So last week I wrote a blog, after my daughter, who goes to University in four weeks, said “I’m NEVER coming home!” Not that it’s a great surprise, as she now has a great opportunity to build her adult life and her career in a completely new and distant environment.
I wrote briefly last week about transition, perhaps too briefly. As my daughter and I prepare for some huge changes in both our lives, I sense a chance to think about and practice doing things in the right ways myself.
OK so maybe there will be a little more (maybe a lot more!) emotion than occurs in the workplace, but that’s not to say we can’t work hard to ensure we get the transition right, just as orqanisations must do.
So the change will occur towards the end of September – the date she moves into “Halls”, the start of Freshers week, her first lectures. She…. No! We are excited about those events coming up so soon.
The transition though is about preparing well for that change and for different activities and experiences to become business as usual after the change has happened. No longer will my daughter be in close proximity to her family members, or people she went to school, college or her part time work. She will go from living only with me, to living with many, of roughly her own age. And she will be amongst thousands of young people striving to realise their ambitions. This is going to be very, very different.
So how to prepare for such a huge change. Well we already have a wealth of communications from UCAS and the university that will help her to visualise what to expect and what to organise for. So in the next few days we will be going meticulously through that information and planning what needs to be done. Strong communication between father and daughter is going to be key, to ensure that everything that needs to be considered and done is achieved successfully and nothing is forgotten.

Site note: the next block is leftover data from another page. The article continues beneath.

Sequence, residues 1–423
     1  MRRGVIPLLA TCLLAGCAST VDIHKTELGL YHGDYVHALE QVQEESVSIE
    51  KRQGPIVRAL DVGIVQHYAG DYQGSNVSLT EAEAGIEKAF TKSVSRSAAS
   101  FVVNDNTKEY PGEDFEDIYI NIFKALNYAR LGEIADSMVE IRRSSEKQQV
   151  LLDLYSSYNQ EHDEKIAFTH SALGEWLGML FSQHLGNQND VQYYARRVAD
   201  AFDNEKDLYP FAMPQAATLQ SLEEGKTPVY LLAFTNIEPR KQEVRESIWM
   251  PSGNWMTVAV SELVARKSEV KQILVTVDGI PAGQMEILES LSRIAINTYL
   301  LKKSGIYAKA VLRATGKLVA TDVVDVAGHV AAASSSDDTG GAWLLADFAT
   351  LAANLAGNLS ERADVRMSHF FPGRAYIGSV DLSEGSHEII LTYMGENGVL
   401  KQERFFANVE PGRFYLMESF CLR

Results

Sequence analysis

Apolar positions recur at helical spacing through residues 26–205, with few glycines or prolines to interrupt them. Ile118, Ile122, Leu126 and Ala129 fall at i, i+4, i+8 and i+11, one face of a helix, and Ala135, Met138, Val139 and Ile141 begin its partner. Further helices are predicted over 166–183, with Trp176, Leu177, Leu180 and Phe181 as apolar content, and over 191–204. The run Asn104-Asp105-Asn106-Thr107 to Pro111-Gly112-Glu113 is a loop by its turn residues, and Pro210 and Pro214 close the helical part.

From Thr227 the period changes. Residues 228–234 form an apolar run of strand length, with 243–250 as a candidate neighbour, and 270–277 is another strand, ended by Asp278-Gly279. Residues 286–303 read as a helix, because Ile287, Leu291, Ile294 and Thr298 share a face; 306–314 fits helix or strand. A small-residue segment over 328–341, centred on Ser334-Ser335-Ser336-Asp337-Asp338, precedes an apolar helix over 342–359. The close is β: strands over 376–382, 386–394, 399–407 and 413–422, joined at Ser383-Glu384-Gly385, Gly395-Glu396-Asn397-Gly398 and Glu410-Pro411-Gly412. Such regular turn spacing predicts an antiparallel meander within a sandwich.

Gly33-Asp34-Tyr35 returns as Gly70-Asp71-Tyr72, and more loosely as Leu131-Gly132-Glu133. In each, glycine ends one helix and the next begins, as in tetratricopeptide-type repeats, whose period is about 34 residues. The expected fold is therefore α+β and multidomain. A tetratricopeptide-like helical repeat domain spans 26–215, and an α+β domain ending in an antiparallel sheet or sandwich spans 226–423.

Already we have the Halls of Residence sorted which is a big plus at this stage. And her grandparents have already given away some of the basics she will need, like cups and cutlery.
I think the key though is about helping her to visualise her new life. Fortunately we got some great insight in our two visits to the University and she fell in love with the place – undoubtedly a big help. The Facebook Freshers page has announced a series of events in the first two weeks that she can start to get involved in. Other Social Media activity is already helping to connect new students with each other, and surely some of these people will become her new friends.
These will all help to prepare my daughter for a wealth of new experiences, despite just a tinge of nervousness until she gets settled in.
But this is not about throwing out the old as she prepares for the new. Transition done correctly will allow her to celebrate what has gone before as she enters a new phase of her life. Some of her current friends will remain that way and they will meet up again in holidays. And I reckon she will wish to take with her some of her favourite things, like movies, music, books and maybe a soft toy or two. Undoubtedly hanging on to some familiar parts of her life will help her to adapt to her University life, 200 miles away until her new unfamiliar experiences turn into normality.
Such processes are not dissimilar to those that can be applied in businesses and organisations as they seek to deliver change and transition well. The change is a short term event that means we have to do some things differently. The transition is about how well we adapt to that change and how strong our performance becomes as a result.